Commuting to work on the subway provides a long list of advantages, including helping you to save money that you'd otherwise spend buying gas for your vehicle. One concern with riding the subway, however, is that cramped conditions can often leave you feeling the need to contort your body to avoid bumping into other passengers. This may be detrimental to the health of your back, and if you already deal with back pain, bending and twisting while you ride the subway could land you in the chiropractor's office in short order. Here are some posture tips to keep in mind for your next subway commute.
Maintain An Upright Posture
It's easy to subject your back to an unhealthy posture when you're crammed onto the subway with other commuters. You may find your body wedged between the side of a seat and another person, all while you extend forward to hang onto an overhead handle. It's best for your spine to remain upright in its natural curve, and standing in an awkward position due to the constraints of the subway car can be detrimental to the long-term health of your back. Whenever possible, stand as upright as you can with your shoulders and arms in a relaxed position hanging onto one of the supports around you.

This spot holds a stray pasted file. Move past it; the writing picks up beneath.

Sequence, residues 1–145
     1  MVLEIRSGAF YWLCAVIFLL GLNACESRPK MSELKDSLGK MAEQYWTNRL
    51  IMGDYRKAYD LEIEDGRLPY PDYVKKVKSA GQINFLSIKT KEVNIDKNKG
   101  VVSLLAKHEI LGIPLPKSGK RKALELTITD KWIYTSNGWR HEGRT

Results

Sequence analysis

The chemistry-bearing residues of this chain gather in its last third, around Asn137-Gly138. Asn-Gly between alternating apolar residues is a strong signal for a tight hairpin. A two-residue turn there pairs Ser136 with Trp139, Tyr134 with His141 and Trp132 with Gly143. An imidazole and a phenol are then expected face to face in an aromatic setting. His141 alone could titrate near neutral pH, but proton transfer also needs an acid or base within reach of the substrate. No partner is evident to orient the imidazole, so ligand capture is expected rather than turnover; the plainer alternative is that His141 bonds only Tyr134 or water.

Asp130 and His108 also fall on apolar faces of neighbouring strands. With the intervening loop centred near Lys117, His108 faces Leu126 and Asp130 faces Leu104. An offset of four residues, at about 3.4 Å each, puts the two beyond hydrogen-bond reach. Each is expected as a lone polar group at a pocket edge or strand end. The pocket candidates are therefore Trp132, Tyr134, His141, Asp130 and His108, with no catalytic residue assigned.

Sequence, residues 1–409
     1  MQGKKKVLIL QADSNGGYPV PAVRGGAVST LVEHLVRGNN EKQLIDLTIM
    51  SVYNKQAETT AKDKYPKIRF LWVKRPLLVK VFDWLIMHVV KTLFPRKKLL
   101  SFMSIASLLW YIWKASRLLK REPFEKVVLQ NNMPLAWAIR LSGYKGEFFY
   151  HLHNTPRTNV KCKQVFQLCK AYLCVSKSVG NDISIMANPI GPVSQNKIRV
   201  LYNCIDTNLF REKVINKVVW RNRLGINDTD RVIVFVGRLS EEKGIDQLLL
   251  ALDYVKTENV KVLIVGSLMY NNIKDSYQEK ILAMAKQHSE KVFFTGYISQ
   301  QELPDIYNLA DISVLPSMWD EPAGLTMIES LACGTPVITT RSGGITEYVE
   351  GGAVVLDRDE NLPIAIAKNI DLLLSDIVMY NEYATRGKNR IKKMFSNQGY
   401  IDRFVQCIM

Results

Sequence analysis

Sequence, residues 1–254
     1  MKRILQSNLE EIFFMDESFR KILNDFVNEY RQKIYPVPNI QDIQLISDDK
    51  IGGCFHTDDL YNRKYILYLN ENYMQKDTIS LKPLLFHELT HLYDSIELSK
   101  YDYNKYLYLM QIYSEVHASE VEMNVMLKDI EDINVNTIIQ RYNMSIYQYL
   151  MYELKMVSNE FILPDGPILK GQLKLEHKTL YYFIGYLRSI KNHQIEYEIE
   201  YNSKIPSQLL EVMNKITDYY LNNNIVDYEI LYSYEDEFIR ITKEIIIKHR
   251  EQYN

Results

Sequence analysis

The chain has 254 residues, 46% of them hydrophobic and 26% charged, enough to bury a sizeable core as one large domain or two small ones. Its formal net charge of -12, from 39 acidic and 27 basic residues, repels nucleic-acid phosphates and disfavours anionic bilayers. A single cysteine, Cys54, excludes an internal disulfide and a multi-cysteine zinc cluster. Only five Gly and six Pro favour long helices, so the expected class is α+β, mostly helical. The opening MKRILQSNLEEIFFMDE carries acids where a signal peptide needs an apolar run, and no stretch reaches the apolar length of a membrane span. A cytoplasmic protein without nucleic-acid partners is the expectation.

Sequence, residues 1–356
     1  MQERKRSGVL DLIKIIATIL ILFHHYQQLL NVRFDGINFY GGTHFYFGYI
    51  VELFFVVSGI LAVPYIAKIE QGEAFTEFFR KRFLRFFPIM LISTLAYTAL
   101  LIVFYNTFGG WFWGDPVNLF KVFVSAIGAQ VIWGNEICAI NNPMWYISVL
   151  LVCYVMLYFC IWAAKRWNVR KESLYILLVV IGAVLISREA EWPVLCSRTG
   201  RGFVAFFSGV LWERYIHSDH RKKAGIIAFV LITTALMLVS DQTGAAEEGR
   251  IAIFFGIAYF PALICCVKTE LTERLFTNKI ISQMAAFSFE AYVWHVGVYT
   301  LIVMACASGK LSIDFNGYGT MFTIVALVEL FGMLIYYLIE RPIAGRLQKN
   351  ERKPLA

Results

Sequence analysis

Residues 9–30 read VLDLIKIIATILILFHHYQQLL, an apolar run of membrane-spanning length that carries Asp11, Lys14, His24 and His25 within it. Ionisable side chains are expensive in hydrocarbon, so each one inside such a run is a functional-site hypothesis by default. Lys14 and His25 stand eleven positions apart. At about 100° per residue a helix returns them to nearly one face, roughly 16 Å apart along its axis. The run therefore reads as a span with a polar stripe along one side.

Keep Your Body Fluid
When your body is stiff, each jolt and jostle that it experiences — of which there are many on a typical subway ride — can send a shockwave of energy throughout the body that may cause pain. For example if your lower back is tight and your body gets jostled as the subway car comes to a stop, this area may be impacted. It's a good goal to try to keep your body fluid. This means keeping your knees and arms slightly bent. It's still good to hang onto the subway car's handles for support, but keeping your limbs bent will act as somewhat of a shock absorber to minimize the jolting to your spine.
Look Before You Step
It's easy to be in a hurry during your commute, especially if you weren't able to board your usual subway and you're running late. However, you should always endeavor to be sure of your footing. The step on and off the subway may be higher or lower than you're accustomed to, which could cause you to jar your body and end up aggravating your back. Don't be in so much of a hurry that you don't make time to look before you step over a change in elevation.